The 4 Questions You Must Answer Before Running an A/B Test

The 4 Questions You Must Answer Before Running an A/B Test

Ever been in an argument with your boss about website design? They want the header image to be just so. They like the buttons to be blue, not orange.

That copy you wrote is good, but it could be tweaked just a little bit.

And so you decide to run an A/B test to see who’s right. You can’t wait to be vindicated by solid, inarguable maths. Never again will your wisdom be called into question.

Time for a reality check: this is not a good reason to run an A/B test, and it is not a good way to optimize your website.

Tests born this way tend to do nothing more than provide ammunition for future arguments, and meanwhile you’re missing opportunities to do some serious site optimization with proper methodology behind it.

Split tests can be:

- Time consuming

- Expensive

- Annoying to your site visitors

- Inconclusive

With those facts in mind it’s worth applying some thought before you split test every idea that pops into your head.

Here are the questions you must answer before running an a/b test.

If you can’t say “yes” to all of them, consider some of the alternatives I suggest at the end of the post instead:

1. Is the Test is Based on a Real Piece of Customer Insight?

Note customer insight. Your own guesswork isn’t the same. Gathering customer feedback and seeing your website through the eyes of the customer is essential to creating solid tests.

Use a CX analytics tool like Decibel Insight to watch visitor replays and analyse heatmaps, or conduct some user testing on your site with WhatUsersDo.

Spot trends in visitor behavior and identify a moment of friction or learn about the real way that visitors use the site – then take these insights and turn them into working hypotheses for your tests.

2. Can the Test Reach Statistical Significance in a Reasonable Timeframe?

Statistical significance is a mathematical concept that, in layman’s terms, tells you whether the result of your split test is reliable or not.

In other words, it indicates whether the result of your test – that 70% preferred option A and 30% preferred option B – is predictable and repeatable. It’s the threshold at which you can act on the result of the test.

Reaching statistical significance requires the test to be taken by a certain minimum number of subjects, and for the result to be mathematically convincing.

Don’t understand what I’m talking about? Don’t worry. All you need to know is that without statistical significance, your test result can’t be relied on. So use this brilliant calculator to make sure your test won’t have to run for an impractical length of time before it delivers a result.

3. Does Your Test Have a Working Hypothesis?

A hypothesis is the theory you’re trying to prove with your test. The point of having a hypothesis is to restrict your testing activities to a logical framework – so no more randomly experimenting with button colours and different fonts hoping to find something that works.

Instead you need to frame each test around the insight discussed in point 1, and mould it into a statement like this:

“I believe that changing element A in this way will result in a change to metric B”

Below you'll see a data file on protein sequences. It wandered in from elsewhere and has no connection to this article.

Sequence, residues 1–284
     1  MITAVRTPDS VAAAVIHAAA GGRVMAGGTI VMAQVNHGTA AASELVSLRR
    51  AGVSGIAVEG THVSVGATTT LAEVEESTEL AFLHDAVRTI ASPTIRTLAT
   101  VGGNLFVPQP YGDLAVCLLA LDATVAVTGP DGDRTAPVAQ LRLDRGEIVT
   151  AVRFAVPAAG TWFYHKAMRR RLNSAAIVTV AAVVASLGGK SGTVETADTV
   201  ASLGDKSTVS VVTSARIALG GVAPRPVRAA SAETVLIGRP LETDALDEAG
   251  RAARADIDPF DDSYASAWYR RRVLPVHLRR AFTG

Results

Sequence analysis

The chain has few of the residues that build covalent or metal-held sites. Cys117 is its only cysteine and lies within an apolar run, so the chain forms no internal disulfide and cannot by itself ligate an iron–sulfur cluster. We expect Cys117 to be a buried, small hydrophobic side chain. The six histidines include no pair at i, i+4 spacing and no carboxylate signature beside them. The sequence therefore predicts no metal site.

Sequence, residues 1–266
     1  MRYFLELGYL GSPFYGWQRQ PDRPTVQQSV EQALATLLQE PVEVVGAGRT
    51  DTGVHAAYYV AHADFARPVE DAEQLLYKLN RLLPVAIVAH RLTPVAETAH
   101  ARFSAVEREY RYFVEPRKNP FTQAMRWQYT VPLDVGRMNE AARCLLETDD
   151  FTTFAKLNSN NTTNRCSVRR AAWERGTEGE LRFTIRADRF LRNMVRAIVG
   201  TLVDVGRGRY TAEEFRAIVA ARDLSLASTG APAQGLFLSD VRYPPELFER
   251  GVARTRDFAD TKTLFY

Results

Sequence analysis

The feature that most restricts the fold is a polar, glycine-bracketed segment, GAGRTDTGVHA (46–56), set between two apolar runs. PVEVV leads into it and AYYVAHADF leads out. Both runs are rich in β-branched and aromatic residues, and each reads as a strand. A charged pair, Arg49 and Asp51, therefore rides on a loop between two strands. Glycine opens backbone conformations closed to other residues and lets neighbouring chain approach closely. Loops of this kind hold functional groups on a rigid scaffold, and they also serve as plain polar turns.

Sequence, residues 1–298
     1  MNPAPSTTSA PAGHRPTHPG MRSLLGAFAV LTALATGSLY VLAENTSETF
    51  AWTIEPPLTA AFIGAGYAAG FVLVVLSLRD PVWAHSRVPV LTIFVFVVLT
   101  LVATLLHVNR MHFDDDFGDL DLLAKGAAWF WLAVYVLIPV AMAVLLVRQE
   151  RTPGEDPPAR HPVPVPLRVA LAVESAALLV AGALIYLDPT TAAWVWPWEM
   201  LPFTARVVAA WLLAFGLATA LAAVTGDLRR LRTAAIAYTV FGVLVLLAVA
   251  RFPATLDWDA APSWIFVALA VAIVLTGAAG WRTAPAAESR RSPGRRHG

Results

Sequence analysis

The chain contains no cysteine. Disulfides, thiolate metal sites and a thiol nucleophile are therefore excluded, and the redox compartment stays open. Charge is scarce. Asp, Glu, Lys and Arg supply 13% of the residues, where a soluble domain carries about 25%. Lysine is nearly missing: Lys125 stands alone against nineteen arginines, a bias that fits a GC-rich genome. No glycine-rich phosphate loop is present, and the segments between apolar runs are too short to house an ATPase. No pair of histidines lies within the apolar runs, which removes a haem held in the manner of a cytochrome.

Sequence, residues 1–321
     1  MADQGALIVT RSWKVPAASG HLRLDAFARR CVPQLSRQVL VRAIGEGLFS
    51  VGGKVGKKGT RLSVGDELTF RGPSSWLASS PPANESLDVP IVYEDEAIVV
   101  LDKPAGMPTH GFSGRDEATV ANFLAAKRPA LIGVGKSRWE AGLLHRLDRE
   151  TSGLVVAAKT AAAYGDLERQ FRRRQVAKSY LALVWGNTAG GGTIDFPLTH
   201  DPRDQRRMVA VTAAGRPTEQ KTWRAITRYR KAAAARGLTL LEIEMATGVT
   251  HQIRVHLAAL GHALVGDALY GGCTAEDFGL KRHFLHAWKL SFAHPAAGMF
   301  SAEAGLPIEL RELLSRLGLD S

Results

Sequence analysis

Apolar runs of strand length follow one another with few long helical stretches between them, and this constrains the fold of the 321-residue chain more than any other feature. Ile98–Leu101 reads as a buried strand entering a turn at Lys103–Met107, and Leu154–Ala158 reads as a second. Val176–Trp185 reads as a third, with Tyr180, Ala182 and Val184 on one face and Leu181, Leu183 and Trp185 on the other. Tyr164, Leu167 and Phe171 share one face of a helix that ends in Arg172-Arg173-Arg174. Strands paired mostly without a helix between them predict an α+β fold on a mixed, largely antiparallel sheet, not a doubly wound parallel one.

For example, through heatmaps and session replays you might glean some evidence that visitors are ignoring a call to action on your homepage. A hypothesis for a test might read:

“I believe that changing the call to actions’ headline so that it’s all upper case will result in more clicks on the call to action.”

That hypothesis becomes your reference point for evaluating the test once it’s delivered a significant result.

4. Can You Measure the Result and Attribute it to the Variation?

The test outcome must be measureable. So, if you’re running a test to see if a green background is “better”, you’re going to struggle. Rather run a test to see if a green background “increases clicks” or “increases dwell time on the page”.

You also need to be able to attribute the change you measure to the variation in the test. That boils down to some old-school scientific discipline – test one variable at a time.

If you’re running a test for the copy on your landing page, don’t start tweaking page layout at the same time – you’ll never know which change contributed to the outcome.

Some Suggestions

Don’t have a test that meets those criteria? It’s probably not worth running. Here are some suggestions about what to do if you find yourself in that situation:

  • If you can see an obvious improvement to the website, it might fall into the “just do it” category that doesn’t require a test. Stuff like fixing errors, improving page load speed or correcting typos all fall into that category.
  • Steal other people’s ideas – there are loads of ways to glean learning from other people’s tests and put it into action on your own website. Check out Which Test Won for starters.
  • Get into analytics – data is the starting point for strong tests. If you’re not getting your head into the metrics, then you’re not benchmarking performance, which means you’re not going to find it easy to identify the areas that will benefit from a test. So, before you reach for the split testing software, make sure you know the numbers.
  • Focus on driving traffic instead. It sounds like a fallacy when the world has gone CRO crazy, but there’s still value in increasing traffic to your website. If you’re not yet ready for a robust programme of split testing then focus on getting more visitors, more cheaply. Optimise your PPC campaign, boost organic ranking, work with third-party referrers and advertising networks to acquire visitors for the lowest possible investment.